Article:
Meredith Stephens introduces us to the varied fauna found in South Australia with vivid photographs clicked by her
We seize every opportunity to travel around our home state of South Australia, searching for unexplored towns and dramatic seascapes. These do not disappoint, but the highlights of our trips tend to be unanticipated, such as the flora and fauna that surprise us with their fleeting appearances en route.
We did not necessarily have to leave the house to be surprised by native fauna. Rosellas descended into the garden and perch on the roof to show off their crimson heads, yellow bellies and the blue plumes on their tails. Their visit is especially treasured as it is rare.
Our canine companions’ presence is anything but fleeting. They listen carefully to our instructions, judging our intentions through the direction of our gaze, and the intonation of our voice. If we want them to accompany us in the car, we call them to the garage, open the car door, and urge them to jump in. If we want them to stay in the house when we leave, we tell them so, and they sit with their eyes fixed on us as we go through the door. This eagerness to please is what makes them such easygoing travelling companions.
When we sail to Kangaroo Island, we are frequently accompanied by pods of dolphins. They are curious about the sound of the engine, and swim towards the bow. They swim back and forth in front of the boat, diving in and out of the water and keeping pace with the vessel in a performance for the sailors. They accompany us for about five minutes before disappearing. We hardly have time to feel bereft, because before long another pod approaches and provides the same performance.
Once on Kangaroo Island, we drive to the township of American River, named after American sealers who visited in 1802. No sooner do we park at the wharf, than we spot seals on the rocks. We had thought that we would need to visit Seal Bay and pay an entrance fee to see seals, but here they are lazily resting in the bay in American River.
Once back on the mainland we decide to drive to the distant Eyre Peninsula in order to view the majestic seaside cliffs at Elliston. We enjoy strolling along the top of the cliffs and witness the ocean relentlessly pounding into the shoreline. We are just about satiated, but nevertheless decide to visit nearby Venus Bay. Here we are greeted by pelicans sunning themselves on the beach.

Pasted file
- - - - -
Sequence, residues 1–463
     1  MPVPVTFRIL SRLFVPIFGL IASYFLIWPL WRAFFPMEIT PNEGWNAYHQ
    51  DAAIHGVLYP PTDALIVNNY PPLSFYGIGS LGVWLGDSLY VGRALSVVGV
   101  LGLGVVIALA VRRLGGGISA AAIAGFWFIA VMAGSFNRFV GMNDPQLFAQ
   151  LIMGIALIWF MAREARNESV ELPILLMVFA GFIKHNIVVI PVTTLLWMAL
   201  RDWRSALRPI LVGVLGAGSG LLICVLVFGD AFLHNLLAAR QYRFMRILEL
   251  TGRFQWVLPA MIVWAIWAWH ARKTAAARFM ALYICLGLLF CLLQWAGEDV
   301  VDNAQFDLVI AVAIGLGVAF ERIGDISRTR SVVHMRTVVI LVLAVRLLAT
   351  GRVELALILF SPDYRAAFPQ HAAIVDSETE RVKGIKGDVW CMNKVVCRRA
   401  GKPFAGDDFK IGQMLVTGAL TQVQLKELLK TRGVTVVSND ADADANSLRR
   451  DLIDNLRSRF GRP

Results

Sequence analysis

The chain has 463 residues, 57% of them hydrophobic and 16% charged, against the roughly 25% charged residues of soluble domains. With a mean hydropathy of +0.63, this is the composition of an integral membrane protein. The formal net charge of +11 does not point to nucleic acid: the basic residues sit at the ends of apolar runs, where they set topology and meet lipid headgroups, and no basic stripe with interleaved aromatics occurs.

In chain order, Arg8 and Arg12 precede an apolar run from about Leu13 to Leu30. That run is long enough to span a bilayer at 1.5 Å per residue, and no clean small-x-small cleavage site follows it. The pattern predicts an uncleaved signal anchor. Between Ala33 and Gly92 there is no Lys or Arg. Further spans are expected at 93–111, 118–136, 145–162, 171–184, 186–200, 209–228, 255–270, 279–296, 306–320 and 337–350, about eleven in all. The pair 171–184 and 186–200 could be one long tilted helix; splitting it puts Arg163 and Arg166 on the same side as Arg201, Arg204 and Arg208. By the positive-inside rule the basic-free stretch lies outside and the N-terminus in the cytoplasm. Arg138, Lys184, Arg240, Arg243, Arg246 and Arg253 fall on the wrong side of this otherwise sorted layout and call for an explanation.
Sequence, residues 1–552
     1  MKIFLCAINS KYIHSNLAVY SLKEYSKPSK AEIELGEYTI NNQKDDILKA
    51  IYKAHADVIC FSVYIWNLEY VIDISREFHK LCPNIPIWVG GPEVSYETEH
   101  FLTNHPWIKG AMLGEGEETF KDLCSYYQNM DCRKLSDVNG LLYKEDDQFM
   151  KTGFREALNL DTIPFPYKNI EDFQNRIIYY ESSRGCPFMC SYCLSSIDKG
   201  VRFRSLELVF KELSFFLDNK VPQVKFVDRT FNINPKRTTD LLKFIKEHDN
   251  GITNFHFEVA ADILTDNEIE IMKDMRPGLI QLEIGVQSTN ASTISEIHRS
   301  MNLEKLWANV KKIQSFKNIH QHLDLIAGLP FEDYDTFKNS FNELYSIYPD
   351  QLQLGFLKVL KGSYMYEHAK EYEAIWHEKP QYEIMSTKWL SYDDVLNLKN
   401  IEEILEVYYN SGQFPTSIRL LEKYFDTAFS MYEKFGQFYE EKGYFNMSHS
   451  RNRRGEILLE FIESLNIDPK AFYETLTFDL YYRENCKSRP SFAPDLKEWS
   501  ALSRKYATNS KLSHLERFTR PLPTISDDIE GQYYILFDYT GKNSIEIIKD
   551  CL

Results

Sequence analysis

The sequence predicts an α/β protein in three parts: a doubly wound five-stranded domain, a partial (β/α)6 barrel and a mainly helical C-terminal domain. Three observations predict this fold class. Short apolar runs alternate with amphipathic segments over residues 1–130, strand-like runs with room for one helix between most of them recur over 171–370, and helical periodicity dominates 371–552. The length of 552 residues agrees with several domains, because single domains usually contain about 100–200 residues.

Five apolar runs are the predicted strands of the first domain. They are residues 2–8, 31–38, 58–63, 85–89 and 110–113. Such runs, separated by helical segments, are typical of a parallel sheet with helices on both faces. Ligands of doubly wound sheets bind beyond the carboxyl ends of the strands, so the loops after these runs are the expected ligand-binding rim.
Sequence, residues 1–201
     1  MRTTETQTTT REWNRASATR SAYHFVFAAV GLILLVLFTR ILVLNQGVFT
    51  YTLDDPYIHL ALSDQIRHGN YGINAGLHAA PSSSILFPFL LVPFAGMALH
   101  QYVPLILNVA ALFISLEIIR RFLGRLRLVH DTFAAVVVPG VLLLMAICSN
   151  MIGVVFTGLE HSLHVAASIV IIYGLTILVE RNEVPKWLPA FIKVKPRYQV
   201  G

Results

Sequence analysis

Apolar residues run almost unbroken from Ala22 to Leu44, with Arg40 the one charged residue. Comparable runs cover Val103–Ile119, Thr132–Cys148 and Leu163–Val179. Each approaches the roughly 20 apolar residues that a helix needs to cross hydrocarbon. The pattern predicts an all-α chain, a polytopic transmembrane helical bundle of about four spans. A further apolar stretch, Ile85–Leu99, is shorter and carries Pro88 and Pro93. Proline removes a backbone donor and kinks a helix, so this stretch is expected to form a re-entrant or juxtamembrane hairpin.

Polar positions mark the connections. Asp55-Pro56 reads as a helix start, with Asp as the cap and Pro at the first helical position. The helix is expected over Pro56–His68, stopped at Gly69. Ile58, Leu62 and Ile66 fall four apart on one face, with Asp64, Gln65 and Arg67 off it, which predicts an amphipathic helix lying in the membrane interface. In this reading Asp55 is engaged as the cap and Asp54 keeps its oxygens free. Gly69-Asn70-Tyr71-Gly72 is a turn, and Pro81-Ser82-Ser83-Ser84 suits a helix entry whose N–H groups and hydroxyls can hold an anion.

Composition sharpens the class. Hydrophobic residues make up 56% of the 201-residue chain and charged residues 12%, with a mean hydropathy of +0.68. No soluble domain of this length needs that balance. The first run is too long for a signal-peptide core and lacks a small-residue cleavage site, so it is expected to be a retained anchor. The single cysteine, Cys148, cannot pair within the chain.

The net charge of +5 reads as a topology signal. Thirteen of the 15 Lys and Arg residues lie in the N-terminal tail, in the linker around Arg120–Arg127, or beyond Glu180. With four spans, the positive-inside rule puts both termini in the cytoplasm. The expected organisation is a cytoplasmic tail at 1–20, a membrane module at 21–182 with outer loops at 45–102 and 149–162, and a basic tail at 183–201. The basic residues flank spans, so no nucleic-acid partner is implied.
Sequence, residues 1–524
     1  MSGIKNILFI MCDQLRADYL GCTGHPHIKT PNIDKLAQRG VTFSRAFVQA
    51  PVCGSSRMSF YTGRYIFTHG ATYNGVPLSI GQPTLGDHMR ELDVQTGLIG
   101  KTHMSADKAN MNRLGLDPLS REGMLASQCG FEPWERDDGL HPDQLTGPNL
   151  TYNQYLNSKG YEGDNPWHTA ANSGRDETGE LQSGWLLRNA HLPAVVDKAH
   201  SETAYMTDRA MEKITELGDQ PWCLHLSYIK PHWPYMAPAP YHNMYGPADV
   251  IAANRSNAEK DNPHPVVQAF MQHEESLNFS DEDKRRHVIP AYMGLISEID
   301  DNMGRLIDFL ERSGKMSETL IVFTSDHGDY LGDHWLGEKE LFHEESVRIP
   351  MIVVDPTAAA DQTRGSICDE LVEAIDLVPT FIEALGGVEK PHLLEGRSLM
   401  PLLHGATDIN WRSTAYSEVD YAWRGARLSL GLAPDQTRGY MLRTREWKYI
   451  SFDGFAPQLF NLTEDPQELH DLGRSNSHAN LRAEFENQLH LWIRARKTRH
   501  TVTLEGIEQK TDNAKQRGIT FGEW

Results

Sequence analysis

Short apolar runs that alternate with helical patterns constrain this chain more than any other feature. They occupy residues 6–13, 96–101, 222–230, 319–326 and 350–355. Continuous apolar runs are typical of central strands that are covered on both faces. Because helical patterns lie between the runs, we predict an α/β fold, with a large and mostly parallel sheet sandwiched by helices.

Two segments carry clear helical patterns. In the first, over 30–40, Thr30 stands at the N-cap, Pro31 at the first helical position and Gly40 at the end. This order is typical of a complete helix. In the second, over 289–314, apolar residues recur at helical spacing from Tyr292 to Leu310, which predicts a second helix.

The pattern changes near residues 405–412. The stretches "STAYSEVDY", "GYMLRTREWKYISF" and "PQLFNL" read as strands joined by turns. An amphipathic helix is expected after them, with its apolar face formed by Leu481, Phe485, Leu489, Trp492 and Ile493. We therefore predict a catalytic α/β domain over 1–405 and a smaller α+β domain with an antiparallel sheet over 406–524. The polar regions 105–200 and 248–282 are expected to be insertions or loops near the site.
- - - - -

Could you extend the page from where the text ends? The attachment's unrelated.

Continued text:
Driving back on the long dusty roads crisscrossing the peninsula we spot sleepy lizards slowly making their way across the roads. Every time we spot one we have to break and gently swerve to avoid them.
Then, as we approach the shore, a Rosenburg’s Monitor rustles in the grass. After detecting our presence, she makes a hasty retreat.
Finally, closer to home, in the undulating hills south of Adelaide, our attention is taken by a Clydesdale horse in a paddock. We stop the car so I can greet him. He walks towards me hoping to be rewarded by a carrot or an apple, but I am empty-handed. His forelock sweeps across one eye and is about the same length as my hair.
We have not had to visit a zoo or an aquarium. The tourist brochures have been helpful but none could have prepared us for the fleeting appearances of rosellas, dolphins, seals, pelicans, sleepy lizards, Rosenberg’s Monitors and a Clydesdale. As Alain de Botton reminds us in The Art of Travel. “Try, before taking off for distant hemispheres to notice what we have already seen.” Due to the pandemic, taking off for distant hemispheres is no longer straightforward. I am forced to pay attention to what I have already seen.
Meredith Stephens is an applied linguist in Japan. Her work has appeared in Transnational Literature, The Blue Nib, The Font – A Literary Journal for Language Teachers, The Journal of Literature in Language Teaching, The Writers’ and Readers’ Magazine, Reading in a Foreign Language, and in chapters in anthologies published by Demeter Press, Canada.
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